Alright, I admit the title sounds a bit far out there.
But this easy parenting tip I’m sharing with you today is one that many of your peers may not be doing.
In this article, I’m going to show you a scientifcally tested parenting tip that will make both you and your child happy and competent, both now and in the future.
The Secret Parenting Tip Revealed: Special Praise
How Is Special Praise Going to Help Me Outsmart My Peers?
I know, outsmarting your peers isn’t the point.
You probably chose to read this article because you, like me, want to be a better parent.
But you may feel good knowing that you’ve got an inside tip you can share with your peers 🙂
Using this tip, which I call special praise, will help you outsmart your peers because it’s not our natural tendency to use special praise!
If you’re like me, I loved it when my kids behaved (they’re older now, in young adulthood), and I was annoyed when they didn’t.
Where do we end up, many times, spending our time and attention?
We spend our time arguing with our kids about getting ready in the morning, getting off the iPad, getting ready for bed, doing their homework. Or we’re tearing our hair out trying to get them to stop fighting with their siblings, or getting them to do their chores.
But this time and attention, along with our lecturing, begging, threatening, and punishment, is often wasted time.
A Bonus Parenting Tip: The Positive Opposite
Before I even start talking about special praise, which is the parenting tip you want to practice, I’m going to share a bonus tip.
Yep, you’re getting two tips for the price of one!
Instead of focusing on all the things you’re frustrated with you child about, here’s what I want you to do.
Think about the most annoying behavior of all of them.
For example, let’s say you’re most frustrated with your child not listening to you in the morning when it’s time to get ready for school.
He plays with his electronics or toys, ignores you when you tell him to get ready, and then screams and yells, maybe even throws a few things when you raise your voice.
Here’s what to do instead.
Back off from your frustration, anger, and hopelessness, and ask yourself the question, “What’s the positive opposite of this behavior?”
The positive opposite, in this case, is that your child listens to you and does what is asked without screaming or yelling.
Write this positive opposite out on a piece of paper and put it where you can see it.
Like on the refrigerator, and on the bathroom mirror!
This is the behavior you’re going to pay attention to from now on!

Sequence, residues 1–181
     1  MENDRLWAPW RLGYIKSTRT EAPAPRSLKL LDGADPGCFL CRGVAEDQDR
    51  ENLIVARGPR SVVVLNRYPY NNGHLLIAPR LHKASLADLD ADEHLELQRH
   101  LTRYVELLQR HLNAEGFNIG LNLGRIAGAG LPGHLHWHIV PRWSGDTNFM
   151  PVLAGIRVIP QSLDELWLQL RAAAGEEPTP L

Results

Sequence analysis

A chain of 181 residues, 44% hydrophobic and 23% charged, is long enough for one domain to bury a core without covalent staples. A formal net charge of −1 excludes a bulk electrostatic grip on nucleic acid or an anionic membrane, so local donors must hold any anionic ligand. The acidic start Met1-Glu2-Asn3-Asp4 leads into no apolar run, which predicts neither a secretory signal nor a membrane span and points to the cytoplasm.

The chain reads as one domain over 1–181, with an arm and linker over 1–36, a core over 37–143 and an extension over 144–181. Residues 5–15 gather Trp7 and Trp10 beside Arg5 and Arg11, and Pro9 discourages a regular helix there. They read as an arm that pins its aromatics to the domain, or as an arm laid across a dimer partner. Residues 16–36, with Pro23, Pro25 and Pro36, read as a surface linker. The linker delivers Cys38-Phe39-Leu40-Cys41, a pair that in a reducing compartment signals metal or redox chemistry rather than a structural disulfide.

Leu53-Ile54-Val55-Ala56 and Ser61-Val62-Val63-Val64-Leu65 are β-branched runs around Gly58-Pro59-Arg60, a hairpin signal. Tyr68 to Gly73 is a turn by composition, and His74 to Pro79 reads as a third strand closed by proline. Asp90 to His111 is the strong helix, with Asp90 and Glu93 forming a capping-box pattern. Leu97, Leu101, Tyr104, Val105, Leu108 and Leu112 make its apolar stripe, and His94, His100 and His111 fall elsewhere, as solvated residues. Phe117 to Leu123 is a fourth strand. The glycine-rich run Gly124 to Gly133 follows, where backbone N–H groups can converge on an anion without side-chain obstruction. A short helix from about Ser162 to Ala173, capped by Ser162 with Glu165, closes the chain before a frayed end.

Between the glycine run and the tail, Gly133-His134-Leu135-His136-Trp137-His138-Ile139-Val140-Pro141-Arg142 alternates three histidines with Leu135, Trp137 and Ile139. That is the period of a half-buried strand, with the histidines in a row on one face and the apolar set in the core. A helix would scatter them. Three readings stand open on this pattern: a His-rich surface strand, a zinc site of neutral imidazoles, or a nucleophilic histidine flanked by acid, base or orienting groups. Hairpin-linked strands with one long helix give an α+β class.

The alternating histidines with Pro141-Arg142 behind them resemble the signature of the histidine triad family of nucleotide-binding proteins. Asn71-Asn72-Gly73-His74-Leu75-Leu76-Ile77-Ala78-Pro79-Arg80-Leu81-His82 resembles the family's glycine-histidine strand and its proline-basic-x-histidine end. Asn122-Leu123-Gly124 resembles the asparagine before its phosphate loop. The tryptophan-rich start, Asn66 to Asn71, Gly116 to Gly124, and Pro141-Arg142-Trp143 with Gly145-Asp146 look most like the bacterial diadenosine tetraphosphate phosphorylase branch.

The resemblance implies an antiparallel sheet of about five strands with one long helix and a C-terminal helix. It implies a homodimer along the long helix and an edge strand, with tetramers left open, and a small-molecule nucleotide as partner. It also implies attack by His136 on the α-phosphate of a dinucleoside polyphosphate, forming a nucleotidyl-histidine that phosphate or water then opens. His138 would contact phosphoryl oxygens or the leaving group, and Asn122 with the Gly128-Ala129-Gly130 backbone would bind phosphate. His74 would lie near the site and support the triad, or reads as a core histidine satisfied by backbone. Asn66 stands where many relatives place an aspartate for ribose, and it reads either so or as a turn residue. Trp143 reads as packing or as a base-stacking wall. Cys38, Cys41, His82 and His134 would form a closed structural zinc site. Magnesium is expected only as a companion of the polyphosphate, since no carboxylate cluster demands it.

Now, let’s go on to talk about special praise.
What Is Special Praise?
I am going to give credit where credit is due.
Lest I be accused of plagiarism, I’m admitting that this article is based on material from Dr. Kaszdin.
This easy parenting tip comes from Alan E. Kazdin, PhD, a Yale University psychology professor and director of the Yale Parenting Center and Child Conduct Clinic.
(This video reviews and explains in depth all the points from this article. It’s Dr. Kazdin himself! Enjoy!)
Special praise is different than general praise.
We all love general praise. “Way to go! Great Job!”
That’s what general praise is.
Special praise, however, is different.
It’s targeted, specific, and done in a unique way.
When you use special praise correctly, you’ll see the powerful and positive effects fairly quickly.
What’s So Great About Special Praise?
In other words, “What’s in this for me?”
Here’s what’s so great about special praise.
First, it is easy to do! You’ll love it and your child will love it.
Second, it’s useful for building the positive behaviors (remember the positive opposite) that you want to see in your child.
Special praise “locks in” the positive behaviors you’re building in your child.special praise “locks in” the positive behaviors you’re building in your child.
Third, you’ll start to see results quickly when you use special praise often.
How To Give Special Praise Effectively
1. Select a behavior (the positive opposite) that you want to praise.
Remember, from our example of the Positive Opposite above, is that your child listens to you and does what is asked without screaming or yelling.
2. Praise effusively – Use effusive praise with kids all the way up to 10 years of age.
Use an excited tone of voice and smile a lot 🙂
3. Be specific! State exactly what your child did that was great – “You did x, y, and z”
Example: “Wow, John, you listened to me and picked up your toys the first time I asked! Great job!”